OAKLAND – As thrilled as Luke Montz was over his first big-league call-up since 2008, the news Wednesday might have been just as welcome to new A's teammate Josh Donaldson. For now, the presence of another catcher on the A's roster probably means no more moments like the seventh inning last Sunday, when Derek Norris pinch hit for starting catcher John Jaso, leaving Donaldson next in line to catch behind Norris.
"I kind of reluctantly went to one of the bat boys and was like, 'Hey, can you go tell one of them to run up (to the clubhouse) and get my catching gear?' – just in case something happens," Donaldson said.
Donaldson toted that gear from the day he was drafted in 2007 until last spring, when the A's, needing a third baseman, decided to give Donaldson a try.
Even though Donaldson will bring the gear on the A's 10-game trip that begins today in New York against the Yankees, he's still an emergency option at catcher, manager Bob Melvin said this week.
"But we like what Josh is doing over at third," Melvin added. "Hate to have to put him behind the plate."
While a late-April hitting stretch earned Donaldson the American League Player of the Week honors announced Monday, it's his consistent defense at third that often gets noticed, especially for a player who before last season hadn't been a regular there since college.
Already this season Donaldson has a couple of highlight-reel catches ranging into foul territory behind third base. In Monday's game against the Angels, he robbed Albert Pujols of a hit with a backhanded stab in the fourth inning, leapt to his backhand side to snare a Howie Kendrick line drive in the eighth and, in the 19th inning, made arguably the play of the game by charging a Mark Trumbo roller, fielding with his bare hand and flipping a throw to first base.
On Tuesday night, he ranged far to his left for a grounder, wheeled – and sailed a throw about 10 feet above the head of first baseman Brandon Moss.
It's all part of an ongoing reacquaintance with the position for Donaldson, who bounced between Oakland and Triple-A Sacramento last season before joining the A's for good in mid-August.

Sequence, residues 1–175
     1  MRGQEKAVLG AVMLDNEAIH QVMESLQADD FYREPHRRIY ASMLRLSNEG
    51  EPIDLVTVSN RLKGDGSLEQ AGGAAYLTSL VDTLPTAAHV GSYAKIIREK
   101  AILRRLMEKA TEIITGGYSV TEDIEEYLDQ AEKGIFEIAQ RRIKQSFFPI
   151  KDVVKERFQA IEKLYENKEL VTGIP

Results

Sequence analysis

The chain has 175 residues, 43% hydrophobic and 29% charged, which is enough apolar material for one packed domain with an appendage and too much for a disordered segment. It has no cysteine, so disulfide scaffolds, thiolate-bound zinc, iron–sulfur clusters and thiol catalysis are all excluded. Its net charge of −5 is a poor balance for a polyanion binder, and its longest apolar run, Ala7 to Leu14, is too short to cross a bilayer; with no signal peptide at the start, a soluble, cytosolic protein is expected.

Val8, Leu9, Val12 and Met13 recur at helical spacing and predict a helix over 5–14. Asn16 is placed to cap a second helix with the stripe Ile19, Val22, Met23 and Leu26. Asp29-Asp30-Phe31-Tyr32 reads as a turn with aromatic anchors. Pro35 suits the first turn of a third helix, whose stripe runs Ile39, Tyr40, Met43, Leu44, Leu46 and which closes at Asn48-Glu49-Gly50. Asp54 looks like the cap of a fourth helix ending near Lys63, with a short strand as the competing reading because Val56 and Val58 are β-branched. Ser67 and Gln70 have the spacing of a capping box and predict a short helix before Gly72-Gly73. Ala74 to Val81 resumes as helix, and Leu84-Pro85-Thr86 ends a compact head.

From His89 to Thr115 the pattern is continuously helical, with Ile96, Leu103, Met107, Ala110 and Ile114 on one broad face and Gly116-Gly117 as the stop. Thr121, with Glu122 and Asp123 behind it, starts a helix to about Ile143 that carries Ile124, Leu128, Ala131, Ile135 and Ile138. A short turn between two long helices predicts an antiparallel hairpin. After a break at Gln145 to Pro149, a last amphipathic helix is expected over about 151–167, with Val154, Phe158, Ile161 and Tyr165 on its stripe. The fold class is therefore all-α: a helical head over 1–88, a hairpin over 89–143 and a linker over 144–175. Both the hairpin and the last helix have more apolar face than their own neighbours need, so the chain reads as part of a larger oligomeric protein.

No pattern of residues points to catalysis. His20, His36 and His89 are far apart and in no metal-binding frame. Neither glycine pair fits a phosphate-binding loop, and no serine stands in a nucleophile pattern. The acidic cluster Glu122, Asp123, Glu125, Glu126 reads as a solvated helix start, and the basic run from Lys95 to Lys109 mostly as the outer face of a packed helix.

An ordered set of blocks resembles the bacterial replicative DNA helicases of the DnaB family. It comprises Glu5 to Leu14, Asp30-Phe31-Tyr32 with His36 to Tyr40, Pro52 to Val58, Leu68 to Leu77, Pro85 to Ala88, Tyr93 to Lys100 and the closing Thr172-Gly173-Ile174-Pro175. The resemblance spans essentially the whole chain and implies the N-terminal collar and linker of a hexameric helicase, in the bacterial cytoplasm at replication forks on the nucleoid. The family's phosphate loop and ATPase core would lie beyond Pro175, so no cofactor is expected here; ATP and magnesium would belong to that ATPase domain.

Donaldson batted .290 in his final 47 games as a regular. But what impressed Melvin was how Donaldson, when not hitting so well earlier in the year, didn't carry those struggles with him onto the field.
"His defensive numbers at the end of the season were very good," Melvin said of Donaldson, who made 12 errors in 71 games at third. "He brought that into spring, worked as hard as he did last year when he had to move, and continues to work hard."
A's infield coach Mike Gallego recalled times last spring when he had to coax Donaldson off the practice field. He said Donaldson has since made his pregame defensive routine more "about quality, not about quantity," but still plays each repetition "almost game speed," and unlike some infielders prefers to throw to a base rather than back to the fungo hitter, which drills his footwork.
"He's one of those Little League ball hogs, if you want to call it that," Gallego said. "He wants every ball hit to him. There's no fear in his play whatsoever, and that definitely makes the transition that much easier."
In his second year at the position, Donaldson said he knows more about how to position himself against opposing hitters – and against the elements. He said Gallego preaches "focus (at the point) where the ball's going to be hit, always try to pick the ball up, and at every park it's different" because of differing backdrops and seating.
"At third, you have to constantly remind yourself before the play happens what you want to do with the ball," Donaldson said. "Position is always key. And second of all, it's just reaction. Your first reaction's got to be quick, and it's got to be right."
Donaldson said his favorite play to make is a backhand. That doesn't surprise Gallego, who said Donaldson "works like crazy" on the play.
"For me, a major-league infielder, if they trust their backhand as much as their forehand, you're going to make huge strides defensively, and that's what he's done," Gallego said. "It's impressive what he's done over a short period of time."